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Francis Bret Harte (1836–1902). The Luck of Roaring Camp, The Outcasts of Poker Flat & The Idyl of Red Gulch.

Biographical Note

FRANCIS BRET HARTE was born at Albany, N. Y., on August 25, 1839. He was the son of the professor of Greek at Albany College; but, his father dying while the son was still a boy, he left school and went to California at the age of seventeen. His career on the Pacific coast was very varied, and he was in turn school-teacher, miner, printer, express messenger, secretary of the San Francisco mint, and editor. He made his appearance as an author with a group of “Condensed Novels” in which he followed in the steps of Thackeray, burlesquing the styles of popular writers of fiction. These were first published in the paper he edited, “The Californian,” and later, in 1867, in book form. The next year he became editor of “The Overland Monthly,” and to it he began contributing the stories, sketches, and poems, dealing with mining life in California, which first made him known to the Eastern States and Europe.

For a year he served as professor at the University of California, and then returned to his native State, living in New York City till 1878. From 1878 to 1885 he was in the consular service, representing the United States first at Crefeld in Germany, and later at Glasgow, Scotland. From 1885 till his death in 1902 he lived chiefly in London, where he devoted himself to literary work.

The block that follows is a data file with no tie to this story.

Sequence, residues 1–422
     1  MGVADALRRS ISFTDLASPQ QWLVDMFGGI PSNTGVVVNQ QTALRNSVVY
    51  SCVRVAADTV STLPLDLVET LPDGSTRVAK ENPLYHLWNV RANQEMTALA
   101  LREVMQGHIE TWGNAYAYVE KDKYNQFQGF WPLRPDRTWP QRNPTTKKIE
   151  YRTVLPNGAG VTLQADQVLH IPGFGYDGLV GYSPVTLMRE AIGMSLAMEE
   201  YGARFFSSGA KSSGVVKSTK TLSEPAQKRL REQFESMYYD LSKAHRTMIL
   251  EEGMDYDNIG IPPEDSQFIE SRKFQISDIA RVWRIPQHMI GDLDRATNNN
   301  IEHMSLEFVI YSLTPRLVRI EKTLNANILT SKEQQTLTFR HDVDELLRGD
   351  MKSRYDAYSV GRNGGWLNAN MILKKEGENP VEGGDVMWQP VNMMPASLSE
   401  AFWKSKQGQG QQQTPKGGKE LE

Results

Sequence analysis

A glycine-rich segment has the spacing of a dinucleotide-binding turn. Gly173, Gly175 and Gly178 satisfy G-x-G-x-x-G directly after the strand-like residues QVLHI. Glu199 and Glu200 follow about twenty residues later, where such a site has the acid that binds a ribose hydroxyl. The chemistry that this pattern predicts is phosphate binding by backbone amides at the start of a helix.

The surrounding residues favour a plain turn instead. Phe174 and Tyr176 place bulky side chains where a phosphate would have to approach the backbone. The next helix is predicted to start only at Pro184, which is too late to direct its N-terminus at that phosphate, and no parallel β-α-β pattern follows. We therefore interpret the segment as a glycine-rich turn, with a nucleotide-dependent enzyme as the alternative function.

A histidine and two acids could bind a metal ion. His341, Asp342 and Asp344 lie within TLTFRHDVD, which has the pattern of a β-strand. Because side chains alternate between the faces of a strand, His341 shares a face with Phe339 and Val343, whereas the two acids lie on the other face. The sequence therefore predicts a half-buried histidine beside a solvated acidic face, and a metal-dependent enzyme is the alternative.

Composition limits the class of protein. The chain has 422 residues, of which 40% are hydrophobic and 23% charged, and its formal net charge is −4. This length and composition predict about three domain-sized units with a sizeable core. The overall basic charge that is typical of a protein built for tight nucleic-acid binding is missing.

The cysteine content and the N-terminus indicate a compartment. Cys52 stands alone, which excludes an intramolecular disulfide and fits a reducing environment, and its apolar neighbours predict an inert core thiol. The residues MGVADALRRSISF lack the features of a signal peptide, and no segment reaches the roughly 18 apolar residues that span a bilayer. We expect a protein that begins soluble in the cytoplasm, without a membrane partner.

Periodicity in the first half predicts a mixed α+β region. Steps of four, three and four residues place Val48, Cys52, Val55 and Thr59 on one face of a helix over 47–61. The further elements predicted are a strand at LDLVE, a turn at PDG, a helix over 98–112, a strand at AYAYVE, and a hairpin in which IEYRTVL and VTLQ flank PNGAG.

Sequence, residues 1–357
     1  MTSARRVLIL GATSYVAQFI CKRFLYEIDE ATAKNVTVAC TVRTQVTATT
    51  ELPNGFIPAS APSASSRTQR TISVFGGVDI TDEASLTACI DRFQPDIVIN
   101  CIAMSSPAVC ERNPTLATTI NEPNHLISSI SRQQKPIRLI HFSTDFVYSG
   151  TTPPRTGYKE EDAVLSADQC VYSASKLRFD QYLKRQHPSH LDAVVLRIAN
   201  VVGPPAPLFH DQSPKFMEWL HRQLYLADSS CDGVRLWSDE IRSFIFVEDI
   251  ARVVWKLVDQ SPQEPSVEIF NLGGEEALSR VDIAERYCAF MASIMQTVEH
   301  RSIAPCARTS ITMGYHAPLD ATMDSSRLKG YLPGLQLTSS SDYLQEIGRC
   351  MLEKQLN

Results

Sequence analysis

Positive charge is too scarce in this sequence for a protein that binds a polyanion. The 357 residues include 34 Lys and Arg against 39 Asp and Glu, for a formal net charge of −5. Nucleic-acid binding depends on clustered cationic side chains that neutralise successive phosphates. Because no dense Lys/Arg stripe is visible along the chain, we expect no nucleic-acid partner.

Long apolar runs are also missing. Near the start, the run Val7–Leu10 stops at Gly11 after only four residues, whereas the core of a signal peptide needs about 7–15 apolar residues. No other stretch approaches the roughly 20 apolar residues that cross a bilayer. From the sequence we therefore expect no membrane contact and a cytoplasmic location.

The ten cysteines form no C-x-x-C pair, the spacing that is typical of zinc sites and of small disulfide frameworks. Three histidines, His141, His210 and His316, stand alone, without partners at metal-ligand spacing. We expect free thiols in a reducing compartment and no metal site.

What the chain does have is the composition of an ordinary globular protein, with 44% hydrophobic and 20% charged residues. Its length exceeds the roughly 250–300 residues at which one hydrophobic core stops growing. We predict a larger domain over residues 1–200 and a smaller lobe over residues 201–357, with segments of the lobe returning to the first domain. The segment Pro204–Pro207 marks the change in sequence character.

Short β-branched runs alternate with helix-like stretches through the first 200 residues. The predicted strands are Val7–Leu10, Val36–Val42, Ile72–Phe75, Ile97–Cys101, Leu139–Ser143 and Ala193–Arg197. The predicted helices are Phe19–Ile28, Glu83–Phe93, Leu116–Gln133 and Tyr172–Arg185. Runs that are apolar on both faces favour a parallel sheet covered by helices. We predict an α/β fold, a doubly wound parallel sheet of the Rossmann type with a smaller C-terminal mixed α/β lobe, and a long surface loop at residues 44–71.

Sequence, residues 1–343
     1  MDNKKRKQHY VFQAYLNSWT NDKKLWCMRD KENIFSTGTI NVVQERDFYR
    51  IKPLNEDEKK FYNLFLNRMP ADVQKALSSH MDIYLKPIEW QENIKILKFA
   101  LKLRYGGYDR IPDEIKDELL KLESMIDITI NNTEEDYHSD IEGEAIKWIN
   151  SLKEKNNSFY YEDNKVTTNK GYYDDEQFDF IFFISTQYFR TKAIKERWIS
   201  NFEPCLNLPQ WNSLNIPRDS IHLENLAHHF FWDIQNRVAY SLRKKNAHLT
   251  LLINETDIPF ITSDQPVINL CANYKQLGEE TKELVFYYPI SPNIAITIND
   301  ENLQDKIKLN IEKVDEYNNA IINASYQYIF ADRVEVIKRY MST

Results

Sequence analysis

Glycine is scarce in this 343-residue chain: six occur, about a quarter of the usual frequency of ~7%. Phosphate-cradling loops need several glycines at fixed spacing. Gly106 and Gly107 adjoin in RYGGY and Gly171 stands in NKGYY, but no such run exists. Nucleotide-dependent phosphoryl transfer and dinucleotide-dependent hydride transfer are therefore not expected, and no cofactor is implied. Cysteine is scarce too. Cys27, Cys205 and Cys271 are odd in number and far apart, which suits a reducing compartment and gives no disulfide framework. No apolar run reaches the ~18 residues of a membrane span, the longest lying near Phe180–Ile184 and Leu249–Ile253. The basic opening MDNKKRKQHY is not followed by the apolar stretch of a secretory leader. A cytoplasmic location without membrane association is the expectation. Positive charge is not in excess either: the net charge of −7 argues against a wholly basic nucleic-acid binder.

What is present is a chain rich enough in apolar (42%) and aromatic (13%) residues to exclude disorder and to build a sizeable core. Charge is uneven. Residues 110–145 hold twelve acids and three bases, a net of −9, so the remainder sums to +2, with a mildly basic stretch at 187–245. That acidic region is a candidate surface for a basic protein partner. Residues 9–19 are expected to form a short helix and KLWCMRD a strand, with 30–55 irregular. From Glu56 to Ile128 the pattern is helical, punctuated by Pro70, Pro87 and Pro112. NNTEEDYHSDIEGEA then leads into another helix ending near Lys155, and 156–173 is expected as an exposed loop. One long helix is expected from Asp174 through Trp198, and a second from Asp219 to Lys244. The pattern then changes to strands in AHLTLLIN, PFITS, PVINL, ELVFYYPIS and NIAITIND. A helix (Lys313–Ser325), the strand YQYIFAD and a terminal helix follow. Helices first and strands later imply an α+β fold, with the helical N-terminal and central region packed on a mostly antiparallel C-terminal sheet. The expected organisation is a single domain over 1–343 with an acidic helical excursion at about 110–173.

The tales here printed belong to the early period of Bret Harte’s production and were written while he was still living in the West. Though he continued writing in much the same vein for over thirty years, and though he maintained throughout a high level of interest, it is generally agreed that he never surpassed his first group of stories. It is not difficult to understand the enthusiasm which these created on their first appearance. The life which he depicted and the scenery amid which the stories were laid were entirely new in literature. The early years of the gold rush to California had drawn thither an extraordinary mixture of nationalities and types; and the peculiar conditions under which they lived had produced a civilization (if the word can be used in this connection) which was unique while it lasted. Bret Harte went West in time to see it and mingle with it; and he was endowed with an eye to discern its picturesque features and a breadth of sympathy generous enough to feel the human quality that lay beneath the sordid exterior. The tradition of the short story had already been established in America, and to the various species of it which had been perfected by Irving, Poe, and Hawthorne, Harte added another as distinctive as any. Stories like “The Luck of Roaring Camp,” “The Outcasts of Poker Flat” and “The Idyl of Red Gulch” have a serious interest as pictures of a phase of American life which already seems far away; but their attractiveness is still more due to the skill they display in the sketching of types, to the pathos which they reveal in the most unlikely characters, and to the restraint and concentration with which the stories are told.

Bret Harte’s fiction has overshadowed his poetry; yet he produced verse of a fine delicacy, and one or two of the most successful humorous poems in our literature.

W. A. N.